Exhibition | Witches and Wicked Bodies

Posted in books, catalogues, exhibitions by Editor on October 19, 2014

I noted this exhibition last year when it went on display in Scotland, but I didn’t realize it would also be on view in London. The description on The British Museum’s website provides additional information. I saw the exhibition Friday evening, and I think it’s fabulous (a nice complement to the British Library’s exhibition Terror and Wonder: The Gothic Imagination, even as they do very different things). There are stunning eighteenth-century images, and the period anchors the show more than the descriptions might suggest (including gorgeous prints after Salvator Rosa). CH

From The British Museum:

Witches and Wicked Bodies
Scottish National Gallery of Modern Art, Edinburgh, 27 July — 3 November 2013

The British Museum, London, 25 September 2014 — 11 January 2015


Saul and the Witch of Endor, after Salvator Rosa.
Click on the image for details.

This exhibition will examine the portrayal of witches and witchcraft in art from the Renaissance to the end of the 19th century. It will feature prints and drawings by artists including Dürer, Goya, Delacroix, Burne-Jones and Dante Gabriel Rossetti, alongside classical Greek vessels and Renaissance maiolica.

Efforts to understand and interpret seemingly malevolent deeds—as well apportion blame for them and elicit confessions through hideous acts of torture—have had a place in society since classical antiquity and Biblical times. Men, women and children have all been accused of sorcery. The magus, or wise practitioner of ‘natural magic’ or occult ‘sciences’, has traditionally been male, but the majority of those accused and punished for witchcraft, especially since the Reformation, have been women. They are shown as monstrous hags with devil-worshipping followers. They represent an inversion of a well-ordered society and the natural world.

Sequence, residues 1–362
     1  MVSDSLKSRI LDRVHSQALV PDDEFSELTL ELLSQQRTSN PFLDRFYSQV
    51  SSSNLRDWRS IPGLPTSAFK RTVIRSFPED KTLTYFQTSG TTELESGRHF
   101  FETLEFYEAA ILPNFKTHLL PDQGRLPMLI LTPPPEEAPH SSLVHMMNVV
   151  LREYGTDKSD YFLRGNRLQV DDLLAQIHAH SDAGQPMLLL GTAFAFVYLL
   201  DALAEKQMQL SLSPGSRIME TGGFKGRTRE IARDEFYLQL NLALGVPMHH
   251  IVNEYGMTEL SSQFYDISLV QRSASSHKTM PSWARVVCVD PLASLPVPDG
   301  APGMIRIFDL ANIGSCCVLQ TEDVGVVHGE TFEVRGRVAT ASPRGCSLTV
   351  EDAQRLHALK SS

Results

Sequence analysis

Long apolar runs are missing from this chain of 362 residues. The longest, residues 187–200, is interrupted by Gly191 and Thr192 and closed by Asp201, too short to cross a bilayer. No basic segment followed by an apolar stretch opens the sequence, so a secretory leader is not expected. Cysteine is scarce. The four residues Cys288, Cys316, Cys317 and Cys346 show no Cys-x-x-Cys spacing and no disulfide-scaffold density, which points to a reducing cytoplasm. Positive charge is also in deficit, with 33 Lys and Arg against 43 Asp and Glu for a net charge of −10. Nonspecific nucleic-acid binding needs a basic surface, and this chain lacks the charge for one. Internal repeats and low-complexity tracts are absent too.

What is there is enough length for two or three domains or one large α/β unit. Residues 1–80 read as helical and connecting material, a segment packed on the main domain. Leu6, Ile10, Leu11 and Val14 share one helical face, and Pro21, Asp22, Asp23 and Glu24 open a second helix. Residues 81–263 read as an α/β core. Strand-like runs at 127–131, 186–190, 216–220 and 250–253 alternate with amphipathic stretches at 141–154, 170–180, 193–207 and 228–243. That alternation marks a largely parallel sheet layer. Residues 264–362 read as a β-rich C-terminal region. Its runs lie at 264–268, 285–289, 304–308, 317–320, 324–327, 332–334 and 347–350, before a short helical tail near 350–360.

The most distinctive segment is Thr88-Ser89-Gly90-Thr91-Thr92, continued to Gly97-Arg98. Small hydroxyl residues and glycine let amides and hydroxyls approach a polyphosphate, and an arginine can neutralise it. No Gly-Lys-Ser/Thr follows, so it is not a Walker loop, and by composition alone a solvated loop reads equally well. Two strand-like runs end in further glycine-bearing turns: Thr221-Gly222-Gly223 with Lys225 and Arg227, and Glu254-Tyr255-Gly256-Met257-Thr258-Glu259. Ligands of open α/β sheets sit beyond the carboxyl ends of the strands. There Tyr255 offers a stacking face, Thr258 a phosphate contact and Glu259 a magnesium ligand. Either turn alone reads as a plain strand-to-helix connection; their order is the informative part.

The focus of the exhibition is on prints and drawings from the British Museum’s collection, alongside a few loans from the V&A, the Ashmolean, Tate Britain and the British Library. Witches fly on broomsticks or backwards on dragons or beasts, as in Albrecht Dürer’s Witch Riding backwards on a Goat of 1501, or Hans Baldung’s Witches’ Sabbath from 1510. They are often depicted within cave-like kitchens surrounded by demons, performing evil spells, or raising the dead within magic circles, as in the powerful work of Salvator Rosa, Jacques de Gheyn and Jan van der Velde.

Francisco de Goya turned the subject of witches into an art form all of its own, whereby grotesque women conducting hideous activities on animals and children were represented in strikingly beautiful aquatint etchings. Goya used them as a way of satirising divisive social, political and religious issues of his day. Witches were also shown as bewitching seductresses intent on ensnaring their male victims, seen in the wonderful etching by Giovanni Battista Castiglione of Circe, who turned Odysseus’s companions into beasts.

During the Romantic period, Henry Fuseli’s Weird Sisters from Macbeth influenced generations of theatre-goers, and illustrations of Goethe’s Faust were popularised by Eugène Delacroix. By the end of the 19th century, hideous old hags with distended breasts and snakes for hair were mostly replaced by sexualised and mysteriously exotic sirens of feminine evil, seen in the exhibition in the work of Edward Burne-Jones, Dante Gabriel Rossetti and Odilon Redon.

The exhibition includes several classical Greek vessels and examples of Renaissance maiolica to emphasise the importance of the subject in the decorative arts.

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